The week of Aug. 16 brings Viking Days, big theater productions and Seattle Opera’s “Nabucco.”
This nerve-wracking documentary follows not one, but two attempts — by the same trio of climbers — to ascend Mount Meru in India, with its peak at 21,000 feet and its rise so severely sheer that the mountain’s hardest part is called the Shark’s Fin. Now playing at the Guild 45th. For showtimes, see Page H5. For Tom Keogh’s four-star review, go to seattletimes.com/movies.
Bill Hader and Fred Armisen star in the documentary spoof series. Hosted by Helen Mirren. Series premiere, 7 p.m. Thursday, Aug. 20, on IFC.
It’s season finale time for this sci-fi series that follows a trio of bounty hunters in a “distant system.” 9 p.m. Friday, Aug. 21, on Syfy.
Come and enjoy a Swedish pancake breakfast, a charity fun run, a Viking encampment, beer garden, salmon bake and other entertainment. 9 a.m.-5 p.m. Saturday and Sunday, Aug. 22-23, Nordic Heritage Museum, 3014 N.W. 67th St., Seattle; free (206-789-5707 or nordicmuseum.org/events.aspx#june).
Arts In Nature Festival
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Chill while listening to 40 artists playing in genres from indie rock to traditional Japanese folk to dance, and sample poetry, audio/visual installations, art activities, and costumed hikes through the forest. 11 a.m.-9 p.m. Saturday, Aug. 22, 11 a.m.-6 p.m. Sunday, Aug. 23., Camp Long, 5200 35th Ave. S.W., Seattle; $10 (206-923-0853 or naturec.org/festival).
A lot of blues artists sound trapped in a nostalgic Clarksdale/Delta time warp, but award-winning Denver-based blues man Otis Taylor jumps right off the stage of the present. Dealing fearlessly with uncomfortable subjects — his own vulnerabilities, fatal attractions, even incest — Taylor creates a hypnotic aura with his aching, Dave Van Ronk-like baritone, accompanying himself with fingerpicked banjo or guitar. If you fancy yourself a blues fan and have yet seen Taylor, check him out. 7:30 p.m. Tuesday and Wednesday, Aug. 18-19, at Jazz Alley, 2033 Sixth Ave., Seattle; $28.50 (206-441-9729 or jazzalley.com).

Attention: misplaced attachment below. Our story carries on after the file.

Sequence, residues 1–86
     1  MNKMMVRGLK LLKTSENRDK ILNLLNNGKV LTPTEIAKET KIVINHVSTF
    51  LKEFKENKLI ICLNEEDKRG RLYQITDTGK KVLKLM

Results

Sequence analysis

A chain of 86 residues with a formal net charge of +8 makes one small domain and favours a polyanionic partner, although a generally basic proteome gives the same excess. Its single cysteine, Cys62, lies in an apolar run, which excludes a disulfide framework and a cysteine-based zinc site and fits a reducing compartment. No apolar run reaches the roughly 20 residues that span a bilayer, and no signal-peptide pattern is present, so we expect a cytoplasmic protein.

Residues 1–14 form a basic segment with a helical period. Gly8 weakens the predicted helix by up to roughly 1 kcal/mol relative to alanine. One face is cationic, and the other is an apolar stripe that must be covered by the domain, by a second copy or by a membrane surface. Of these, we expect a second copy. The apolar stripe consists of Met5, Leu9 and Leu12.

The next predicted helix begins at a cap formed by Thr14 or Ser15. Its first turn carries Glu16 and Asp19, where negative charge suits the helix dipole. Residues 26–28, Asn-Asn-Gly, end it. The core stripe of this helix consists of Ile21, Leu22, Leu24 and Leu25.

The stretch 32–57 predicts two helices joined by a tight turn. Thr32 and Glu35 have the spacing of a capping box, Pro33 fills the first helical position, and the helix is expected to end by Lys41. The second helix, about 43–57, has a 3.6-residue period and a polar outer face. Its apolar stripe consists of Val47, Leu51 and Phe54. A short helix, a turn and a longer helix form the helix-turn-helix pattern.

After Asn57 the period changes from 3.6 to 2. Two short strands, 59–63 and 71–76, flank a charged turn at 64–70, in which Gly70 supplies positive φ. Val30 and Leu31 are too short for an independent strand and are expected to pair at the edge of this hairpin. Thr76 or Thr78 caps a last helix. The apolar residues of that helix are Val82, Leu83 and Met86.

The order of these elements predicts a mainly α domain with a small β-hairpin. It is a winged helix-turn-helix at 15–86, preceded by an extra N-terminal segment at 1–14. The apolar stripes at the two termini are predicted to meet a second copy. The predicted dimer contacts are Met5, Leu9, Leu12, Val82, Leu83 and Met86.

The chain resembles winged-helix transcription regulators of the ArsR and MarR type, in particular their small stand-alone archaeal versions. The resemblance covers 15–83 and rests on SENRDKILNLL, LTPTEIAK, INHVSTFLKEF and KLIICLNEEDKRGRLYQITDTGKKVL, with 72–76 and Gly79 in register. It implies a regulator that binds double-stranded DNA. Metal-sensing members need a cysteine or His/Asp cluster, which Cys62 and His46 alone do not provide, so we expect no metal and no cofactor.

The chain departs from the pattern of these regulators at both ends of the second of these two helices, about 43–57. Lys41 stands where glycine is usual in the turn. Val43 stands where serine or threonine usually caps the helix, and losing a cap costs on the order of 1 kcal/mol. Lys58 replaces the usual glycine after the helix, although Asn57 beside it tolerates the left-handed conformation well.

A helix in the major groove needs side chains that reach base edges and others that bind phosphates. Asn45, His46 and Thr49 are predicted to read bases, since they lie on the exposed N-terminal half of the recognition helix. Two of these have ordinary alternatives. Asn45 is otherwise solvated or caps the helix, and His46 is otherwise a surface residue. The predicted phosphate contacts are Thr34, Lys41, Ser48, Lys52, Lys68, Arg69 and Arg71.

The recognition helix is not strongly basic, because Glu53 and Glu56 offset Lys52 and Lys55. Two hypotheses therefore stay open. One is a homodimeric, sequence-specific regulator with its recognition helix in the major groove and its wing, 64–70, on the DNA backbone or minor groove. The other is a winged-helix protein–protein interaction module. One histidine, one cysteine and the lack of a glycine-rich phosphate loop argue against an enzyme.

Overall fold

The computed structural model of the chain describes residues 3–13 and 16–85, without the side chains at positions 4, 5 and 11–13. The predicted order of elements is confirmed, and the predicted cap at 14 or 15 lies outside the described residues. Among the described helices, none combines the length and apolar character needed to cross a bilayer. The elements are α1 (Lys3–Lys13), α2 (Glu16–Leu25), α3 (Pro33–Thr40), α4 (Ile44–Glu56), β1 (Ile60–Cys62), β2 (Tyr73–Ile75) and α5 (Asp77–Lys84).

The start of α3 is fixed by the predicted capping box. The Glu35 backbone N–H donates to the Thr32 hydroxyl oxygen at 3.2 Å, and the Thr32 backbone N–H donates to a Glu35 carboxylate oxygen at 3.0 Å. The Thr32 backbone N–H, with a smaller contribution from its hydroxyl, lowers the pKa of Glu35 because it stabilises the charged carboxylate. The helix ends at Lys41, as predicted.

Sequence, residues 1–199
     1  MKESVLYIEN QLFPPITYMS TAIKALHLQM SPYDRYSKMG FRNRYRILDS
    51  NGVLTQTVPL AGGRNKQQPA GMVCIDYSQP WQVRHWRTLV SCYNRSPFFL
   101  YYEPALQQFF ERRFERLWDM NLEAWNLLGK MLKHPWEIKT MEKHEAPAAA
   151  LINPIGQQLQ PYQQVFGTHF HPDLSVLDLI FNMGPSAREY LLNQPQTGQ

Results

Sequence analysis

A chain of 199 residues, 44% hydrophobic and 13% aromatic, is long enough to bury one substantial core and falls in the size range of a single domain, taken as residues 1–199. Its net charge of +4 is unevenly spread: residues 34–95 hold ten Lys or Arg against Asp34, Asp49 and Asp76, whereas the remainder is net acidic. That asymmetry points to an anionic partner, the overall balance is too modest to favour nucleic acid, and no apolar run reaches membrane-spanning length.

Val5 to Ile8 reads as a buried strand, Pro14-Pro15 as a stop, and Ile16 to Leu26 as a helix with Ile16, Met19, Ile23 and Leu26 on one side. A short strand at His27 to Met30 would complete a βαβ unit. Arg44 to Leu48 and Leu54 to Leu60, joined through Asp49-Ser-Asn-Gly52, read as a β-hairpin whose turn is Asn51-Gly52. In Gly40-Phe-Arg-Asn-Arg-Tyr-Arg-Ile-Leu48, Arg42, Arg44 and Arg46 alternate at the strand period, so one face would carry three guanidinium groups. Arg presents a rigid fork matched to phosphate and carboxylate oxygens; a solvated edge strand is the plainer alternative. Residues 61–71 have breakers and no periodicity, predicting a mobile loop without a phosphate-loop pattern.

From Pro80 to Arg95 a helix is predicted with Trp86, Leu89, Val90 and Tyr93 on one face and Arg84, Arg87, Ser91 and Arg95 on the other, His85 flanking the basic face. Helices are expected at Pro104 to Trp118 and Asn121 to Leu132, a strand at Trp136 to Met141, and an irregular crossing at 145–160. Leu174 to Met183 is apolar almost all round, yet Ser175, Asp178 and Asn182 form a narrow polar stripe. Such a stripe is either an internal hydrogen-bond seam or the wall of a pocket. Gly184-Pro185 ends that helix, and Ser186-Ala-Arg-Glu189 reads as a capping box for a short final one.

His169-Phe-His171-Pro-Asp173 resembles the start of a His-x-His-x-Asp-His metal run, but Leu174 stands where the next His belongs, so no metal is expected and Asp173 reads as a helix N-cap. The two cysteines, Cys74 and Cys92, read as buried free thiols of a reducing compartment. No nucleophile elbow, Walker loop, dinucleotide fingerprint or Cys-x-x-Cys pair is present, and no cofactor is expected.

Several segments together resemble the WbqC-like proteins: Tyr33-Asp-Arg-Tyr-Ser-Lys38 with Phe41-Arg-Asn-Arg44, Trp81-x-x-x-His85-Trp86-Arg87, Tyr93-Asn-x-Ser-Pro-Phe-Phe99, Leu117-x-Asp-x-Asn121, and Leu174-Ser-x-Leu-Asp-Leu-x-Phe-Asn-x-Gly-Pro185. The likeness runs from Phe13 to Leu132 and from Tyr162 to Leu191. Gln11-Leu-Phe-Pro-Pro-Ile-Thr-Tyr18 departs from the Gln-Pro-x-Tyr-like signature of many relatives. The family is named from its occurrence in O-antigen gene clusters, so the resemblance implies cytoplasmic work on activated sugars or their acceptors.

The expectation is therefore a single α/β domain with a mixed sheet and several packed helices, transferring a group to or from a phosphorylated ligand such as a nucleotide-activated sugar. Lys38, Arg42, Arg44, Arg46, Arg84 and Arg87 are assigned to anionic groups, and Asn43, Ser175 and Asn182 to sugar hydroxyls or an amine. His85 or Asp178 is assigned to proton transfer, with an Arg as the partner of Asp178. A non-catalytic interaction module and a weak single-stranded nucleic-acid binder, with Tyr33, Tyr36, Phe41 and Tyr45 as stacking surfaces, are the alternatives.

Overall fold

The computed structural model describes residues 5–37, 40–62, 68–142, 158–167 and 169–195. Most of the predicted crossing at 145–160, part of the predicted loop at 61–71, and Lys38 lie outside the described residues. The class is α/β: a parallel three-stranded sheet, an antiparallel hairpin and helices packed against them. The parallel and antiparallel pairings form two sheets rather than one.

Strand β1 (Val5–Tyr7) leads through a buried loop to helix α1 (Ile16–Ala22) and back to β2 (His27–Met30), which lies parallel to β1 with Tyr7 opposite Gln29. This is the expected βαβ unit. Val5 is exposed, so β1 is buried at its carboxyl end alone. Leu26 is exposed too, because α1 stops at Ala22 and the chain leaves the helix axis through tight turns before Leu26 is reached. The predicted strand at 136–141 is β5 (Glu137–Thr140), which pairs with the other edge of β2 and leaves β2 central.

The Tallest Man On Earth
No, he is not the tallest man on earth, but Swedish singer-songwriter Kristian Matsson has gathered a large following with probing songs like “Sagre,” from his new album “Dark Bird Is Home,” fiercely strumming wide-open tunings and singing with a passion inspired by Bob Dylan. Known for his charismatic stage presence, the 32-year-old troubadour has opened for Bon Iver and is now touring with his own band. At a recent, sold-out concert at New York’s Beacon Theatre, Matsson was described as using “every inch of his long guitar cord” as he hyperactively roamed the stage. 8 p.m. Friday, Aug. 21, at the Moore Theatre, 1932 Second Ave., Seattle; $27.50 (877-784-4849 or stgpresents.org).
The author of “The Wave” delves into the remarkable and mysterious world of dolphins in her new book “Voices in the Ocean: A Journey into the Wild and Haunting World of Dolphins.” At 7 p.m. Monday Aug. 17, Seattle Central Library, 1000 Fourth Ave., Seattle; free (206-386-4636 or spl.org).
The Paramount Theatre hosts the national touring edition of the circus-themed, Tony Award-honored 2013 revival of composer Stephen Schwartz’s 1972 Broadway musical, a vivacious fantasia about the wayward son of medieval King Charlemagne. Aug. 16-Sept. 6, 911 Pine St., Seattle; tickets from $34 (877-784-4849 or stgpresents.org).
The first national tour of Tim Minchin and Dennis Kelly’s Tony Award-winning musical adaptation of a beloved Roald Dahl book comes to Seattle. In it, the gifted book-lover Matilda Wormwood battles apathetic parents and a mean principal. 7:30 p.m. Tuesday-Wednesday, 8 p.m. Thursday. Runs through Sept. 6. The 5th Avenue Theatre, 1308 Fifth Ave., Seattle; $45-$135 (206-625-1900 or 5thavenue.org).
Olympic Music Festival
The fest’s Iglitzin Chamber Music Fellowship, which joins rising young artists with OMF resident musicians, closes Saturday-Sunday (Aug. 22-23) with performances of works by Suk, Chausson and Mendelssohn. Naumburg Award-winning violinist Tessa Lark will make her OMF debut at the concerts. Concerts are 2 p.m. Saturdays-Sundays through Sept. 13 at 7360 Center Road, Quilcene, Jefferson County; $20-$32 (360-732-4800 or olympicmusicfestival.org).
Verdi’s “Nabucco” appears on the SO stage for the first time in the company’s history, and the Verdi work is making a gleaming debut with a full roster of stellar singers: Gordon Hawkins as Nabucco, the king of the title; Mary Elizabeth Williams and Jamie Barton as his daughters Abigaille and Fenena; and the SO chorus in full voice. The production runs through Saturday, Aug. 22. McCaw Hall, Seattle; tickets from $25 (206-389-7676 or seattleopera.org).
Henry Art Gallery
The gallery is home to eye-catching installations this summer — a 33-minute gender-bending video installation, “Irma Vep, The Last Breath,” by Michelle Handelman, and Martin Creed’s “Work No. 360: Half the air in a given space.” The Creed piece is actually an entire floor’s worth of silvery balloons for visitors to wend their way through; reviewer Michael Upchurch cautions that it’s not for the claustrophobic. Creed is up through Sept. 27, and “Vep” through Oct. 4. 11 a.m.-4 p.m. Wednesdays-Sundays, until 9 p.m. Thursdays-Fridays, University of Washington, Seattle; $6-$10 (206-543-2280 or henryart.org).